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a history of luxury
on the queen mary 2


Mayflower memorial Mayflower memorial

Mayflower Memorial at Plymouth

Four hundred years ago or so, a band of men and women launched from Southampton on two big ships to escape religious persecution in England.  One ship sank but the other --- the Mayflower --- left from Plymouth, England and arrived in Plymouth, Massachusetts months later.  They suffered crowded conditions on the boat, the women crammed into a single small space and the men often sleeping above decks.  One woman gave birth on that ship and another was seven months pregnant when she landed in Massachusetts and a young sailor died from disease.

Queen Mary 2

Queen Mary 2

As commerce between the States and Europe grew, so did ship travel.  By the late nineteenth century, luxury ocean liners carted the aristocracy across the Atlantic Ocean, making the voyage in as little as six days.  Though the Titanic was the biggest and most expensive of the ocean liners, she was by no means the only cruise ship making the transatlantic voyage at that time.

Pool on the QM2

Watching us go under bridge

Pool and front decks

In 1839, Samuel Cunard was awarded the first mailship transatlantic voyage and, in the early 20th century, built two superliners --- the ill-fated Lusitania and Mauretania --- under British government contracts.  When the White Star-owned Titanic sank, Cunard Line's Carpathia was the first to arrive on scene and rescue the survivors.  In the intervening century, the Cunard brand has been bought out by Carnival Cruise Lines but the Cunard ships still make the transatlantic journey, each ship named after a particular queen.


View of Brooklyn


View from QM2 when departing US

Views of New York when departing

It is this long history of transatlantic sailing --- of departing from Brooklyn with the Statue of Liberty at our backs and arriving in Southampton where the Titanic last saw shore --- that Cunard tries to preserve on its transatlantic voyages. 

Violinists in center

Grand ballroom


The library on the Queen Mary 2 is a peaceful place with a stunning array of books in mahogany and glass bookshelves.  White-gloved waiters serve high tea in the royal ballroom at 3:00 every day with stacks of finger sandwiches and cakes to be placed on our plates.  The usual cruise activities --- hula classes and painting --- give way to more intellectual pursuits on the QM2.  A huge planetarium occupies the second floor and an astronomical expert lectured on navigating by the stars.  Members from the Royal Academy of Dramatic Arts put on a (very poor) adaptation of Hamlet.  And, at six o’clock, casual attire is prohibited in all public areas of the ship.  Some cruisers bring out pressed dinner jackets and hats fit for Ascot, as they twirl about after dinner to the full band in the ballroom.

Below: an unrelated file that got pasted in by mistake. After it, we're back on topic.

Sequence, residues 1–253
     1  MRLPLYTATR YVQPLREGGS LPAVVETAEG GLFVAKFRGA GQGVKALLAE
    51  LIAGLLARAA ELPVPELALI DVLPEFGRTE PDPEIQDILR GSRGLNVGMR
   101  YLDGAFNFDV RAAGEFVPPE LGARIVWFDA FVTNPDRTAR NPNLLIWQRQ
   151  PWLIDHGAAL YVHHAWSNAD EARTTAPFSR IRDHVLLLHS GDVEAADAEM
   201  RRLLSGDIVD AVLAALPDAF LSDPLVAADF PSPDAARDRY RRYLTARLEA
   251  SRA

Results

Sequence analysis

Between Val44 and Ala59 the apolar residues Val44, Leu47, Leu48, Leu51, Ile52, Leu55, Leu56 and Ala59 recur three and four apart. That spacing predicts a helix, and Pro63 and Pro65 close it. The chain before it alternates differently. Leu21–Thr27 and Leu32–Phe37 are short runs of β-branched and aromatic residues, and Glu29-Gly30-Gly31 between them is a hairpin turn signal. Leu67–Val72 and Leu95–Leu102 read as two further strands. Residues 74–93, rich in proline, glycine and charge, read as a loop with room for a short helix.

Chewy on the QM2 in his dinner jacket

Chewy in his Queen Mary 2 jacket

Even the kennels are a legacy of an earlier time.  According to Cunard records, Mr. Ramshaw, the world's only trained golden eagle, made at least 21 transatlantic crossings on mid 20th-century liners; Rin-Tin-Tin, star of 36 silent films, traveled on the Berengaria; and Tom Mix and Tony, stars of the 1930’s western series "Miracle Rider," regularly sailed with Cunard.  In the 1950s, Elizabeth Taylor brought her dogs on board the original Queen Mary, exercised them regularly on the ship's sports deck, even ordered special meals for them from the fish chef. The Duke and Duchess of Windsor also traveled with a beloved pup and, at the Duke's behest, Cunard installed a lamp post beside the kennels.

Chewy and Abby and the captain on the QM2

Chewy, Abby, me, and the Commodore (the captain) on the QM2

Today, the Queen Mary 2 has twelve kennels which fill up as fast as the spaces open up for the next year, as people moving and traveling between continents want to take their pets without putting them in the cargo hold of a plane.  (For more information on the QM2 kennels, check out our sister site The Road Unleashed where I will be writing about the kennels over the next few weeks.)

On the QM2

QM2 Hallway

Before we boarded the QM2, we grumbled about having to carry formal attire and the lack of casual areas onboard to have a simple meal.  But, now, I get it.  By dressing almost like those on the Titanic dressed, eating under glittering chandeliers on china plates, and taking in lectures on astronomy and painting, we take a small step back, to remember what it was like in earlier days of travel to and from the New World.


Our room on the QM2

Bathroom on QM2

Our balcony

Our QM2 room

We booked the cheapest interior room onboard for about $999 per person.  A month before we departed, we were notified that we had been upgraded to a “partially obstructed view” balcony room.  Our room was spacious and incredibly comfortable, with a wide king-sized bed, a relatively large bathroom, and plenty of closet space for all of our things and much more.  The partial obstruction turned out to be a complete obstruction in the form of one of the emergency Zodiacs.

Laundry on QM2


There are good laundry facilities on several decks on the ship and though we occasionally had to wait to use a machine, it wasn't for long.  Activities were plentiful and generally good, though the RADA performance of Hamlet was the worst Shakespearean production I have ever seen.  We particularly enjoyed the astronomy lectures and the planetarium shows.  I’ll be writing about the kennels and embarking and disembarking with dogs on The Road Unleashed, and a post about the kitchen and food on this site in the next few weeks.